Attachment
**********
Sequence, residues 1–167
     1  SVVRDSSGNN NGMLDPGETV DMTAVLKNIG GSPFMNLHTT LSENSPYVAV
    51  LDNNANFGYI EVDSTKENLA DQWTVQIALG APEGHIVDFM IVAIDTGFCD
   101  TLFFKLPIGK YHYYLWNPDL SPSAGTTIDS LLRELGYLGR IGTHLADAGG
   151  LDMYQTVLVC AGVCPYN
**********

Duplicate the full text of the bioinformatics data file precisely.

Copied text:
Sequence, residues 1–167
     1  SVVRDSSGNN NGMLDPGETV DMTAVLKNIG GSPFMNLHTT LSENSPYVAV
    51  LDNNANFGYI EVDSTKENLA DQWTVQIALG APEGHIVDFM IVAIDTGFCD
   101  TLFFKLPIGK YHYYLWNPDL SPSAGTTIDS LLRELGYLGR IGTHLADAGG
   151  LDMYQTVLVC AGVCPYN